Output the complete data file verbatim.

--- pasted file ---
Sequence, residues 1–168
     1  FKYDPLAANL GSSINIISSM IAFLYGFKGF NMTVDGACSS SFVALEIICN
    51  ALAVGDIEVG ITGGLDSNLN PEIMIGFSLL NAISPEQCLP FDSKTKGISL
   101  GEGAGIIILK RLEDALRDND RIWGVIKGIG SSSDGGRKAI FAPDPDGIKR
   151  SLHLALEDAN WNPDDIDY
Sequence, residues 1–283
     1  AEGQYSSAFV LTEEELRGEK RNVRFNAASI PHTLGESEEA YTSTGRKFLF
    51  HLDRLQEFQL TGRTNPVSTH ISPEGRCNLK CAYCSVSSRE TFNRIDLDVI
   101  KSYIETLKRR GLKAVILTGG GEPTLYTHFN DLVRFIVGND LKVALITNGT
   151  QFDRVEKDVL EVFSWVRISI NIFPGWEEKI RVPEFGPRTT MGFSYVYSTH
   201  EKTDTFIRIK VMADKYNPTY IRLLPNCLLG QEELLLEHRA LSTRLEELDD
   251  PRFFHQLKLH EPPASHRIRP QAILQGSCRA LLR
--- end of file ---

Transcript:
Sequence, residues 1–168
     1  FKYDPLAANL GSSINIISSM IAFLYGFKGF NMTVDGACSS SFVALEIICN
    51  ALAVGDIEVG ITGGLDSNLN PEIMIGFSLL NAISPEQCLP FDSKTKGISL
   101  GEGAGIIILK RLEDALRDND RIWGVIKGIG SSSDGGRKAI FAPDPDGIKR
   151  SLHLALEDAN WNPDDIDY
Sequence, residues 1–283
     1  AEGQYSSAFV LTEEELRGEK RNVRFNAASI PHTLGESEEA YTSTGRKFLF
    51  HLDRLQEFQL TGRTNPVSTH ISPEGRCNLK CAYCSVSSRE TFNRIDLDVI
   101  KSYIETLKRR GLKAVILTGG GEPTLYTHFN DLVRFIVGND LKVALITNGT
   151  QFDRVEKDVL EVFSWVRISI NIFPGWEEKI RVPEFGPRTT MGFSYVYSTH
   201  EKTDTFIRIK VMADKYNPTY IRLLPNCLLG QEELLLEHRA LSTRLEELDD
   251  PRFFHQLKLH EPPASHRIRP QAILQGSCRA LLR